The blogosphere continues to boil with outrage over the Times's front-page story from Sunday on veterans coming home from Iraq and Afghanistan and committing murders, a story immediately discredited by cursory research as journalistically and statistically worthless. The paper's main finding, that 121 veterans either committed a killing in this country or are charged with one, was useless without context, which the Times either couldn't or didn't provide.
The story failed basic journalism, with the Times making no attempt to compare murder rates of veterans to that of the general population. Can one imagine the Times spouting out a raw number of murders committed by, say, illegal immigrants? Without context, the Times' big finding was useless, a single data point floating in space.
Armed Liberal tackled the story on that very point the day it appeared:
"Indeed, it's impossible to take issue with the statistics cited by reporters Deborah Sontag and Lizette Alvarez -- because their article doesn't have any.
"For most editors, that would be a red flag. Not at the Times, not in a piece that appealed to the editors' dearest prejudices."
"Is the number of killings by combat vets dramatically higher than the rate involving people of the same age who've never served in the military?
"It's a good question -- in fact, it's the key question. But the Times never asked it. Or, if it did, it never reported the answer.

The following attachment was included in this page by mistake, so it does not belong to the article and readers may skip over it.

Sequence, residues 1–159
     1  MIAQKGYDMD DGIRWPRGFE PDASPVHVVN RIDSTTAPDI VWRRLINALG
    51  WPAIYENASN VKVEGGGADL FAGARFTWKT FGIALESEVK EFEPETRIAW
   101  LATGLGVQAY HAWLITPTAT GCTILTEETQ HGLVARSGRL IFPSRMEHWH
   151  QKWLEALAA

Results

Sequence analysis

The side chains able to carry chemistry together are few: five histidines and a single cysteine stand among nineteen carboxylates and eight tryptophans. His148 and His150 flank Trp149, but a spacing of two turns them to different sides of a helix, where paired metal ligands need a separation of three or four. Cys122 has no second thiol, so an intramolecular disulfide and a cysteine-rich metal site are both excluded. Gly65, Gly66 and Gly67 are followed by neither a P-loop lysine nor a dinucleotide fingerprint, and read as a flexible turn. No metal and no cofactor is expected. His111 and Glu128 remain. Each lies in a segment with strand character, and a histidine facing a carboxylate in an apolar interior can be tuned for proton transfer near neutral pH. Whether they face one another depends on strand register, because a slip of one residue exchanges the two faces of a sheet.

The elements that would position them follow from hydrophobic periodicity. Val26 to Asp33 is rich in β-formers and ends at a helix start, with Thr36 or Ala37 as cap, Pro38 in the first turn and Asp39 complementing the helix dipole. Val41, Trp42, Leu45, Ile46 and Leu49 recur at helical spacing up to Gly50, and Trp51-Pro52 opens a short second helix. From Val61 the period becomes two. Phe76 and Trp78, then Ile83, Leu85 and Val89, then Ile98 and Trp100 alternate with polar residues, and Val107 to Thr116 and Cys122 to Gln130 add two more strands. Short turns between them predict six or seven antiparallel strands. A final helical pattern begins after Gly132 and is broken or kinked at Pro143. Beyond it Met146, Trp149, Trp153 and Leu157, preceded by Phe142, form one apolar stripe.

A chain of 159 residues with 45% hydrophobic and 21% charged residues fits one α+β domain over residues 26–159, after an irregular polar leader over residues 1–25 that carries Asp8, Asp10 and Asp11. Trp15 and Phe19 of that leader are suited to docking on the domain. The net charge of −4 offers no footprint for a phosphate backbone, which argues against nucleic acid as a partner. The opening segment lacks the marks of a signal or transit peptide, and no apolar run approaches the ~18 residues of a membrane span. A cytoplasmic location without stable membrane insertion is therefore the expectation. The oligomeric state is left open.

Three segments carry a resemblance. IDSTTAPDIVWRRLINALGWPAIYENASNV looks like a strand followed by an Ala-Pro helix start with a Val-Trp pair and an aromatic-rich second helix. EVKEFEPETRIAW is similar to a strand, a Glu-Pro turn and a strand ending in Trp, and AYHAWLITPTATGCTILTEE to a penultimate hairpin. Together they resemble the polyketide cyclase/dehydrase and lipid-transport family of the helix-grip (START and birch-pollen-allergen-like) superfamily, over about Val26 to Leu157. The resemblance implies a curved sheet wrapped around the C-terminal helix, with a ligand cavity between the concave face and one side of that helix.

"Perhaps for good reason -- because the statistics tell a far different tale than that appearing in the Times."
Indeed, those who've run the numbers on various sets of crime statistics finds that one is significantly safer around veterans than around non-veterans of similar age. The Post's military correspondent Ralph Peters did some crunching:
"...to match the homicide rate of their [nonmilitary] peers, our troops would've had to come home and commit about 150 murders a year, for a total of 700 to 750 murders between 2003 and the end of 2007" -- six times the number the Times cited."
Bob Owens has a comprehensive piece at Pajamas Media, where he dug in further into the individual cases and found that
"...of those 121 summaries [in a sidebar story], 40 do not show direct ties between the stresses of deploying to combat zones and the homicides for which these veterans were charged, and of those, 14 were of highly dubious nature."
The Weekly Standard has a useful roundup of the most cogent criticism of the story, which doesn't seem to be getting much in the way of defense from the left wing of the blogosphere (except for the dead-enders at the Huffington Post, naturally).
(See previous NewsBusters coverage by Warner Todd Huston)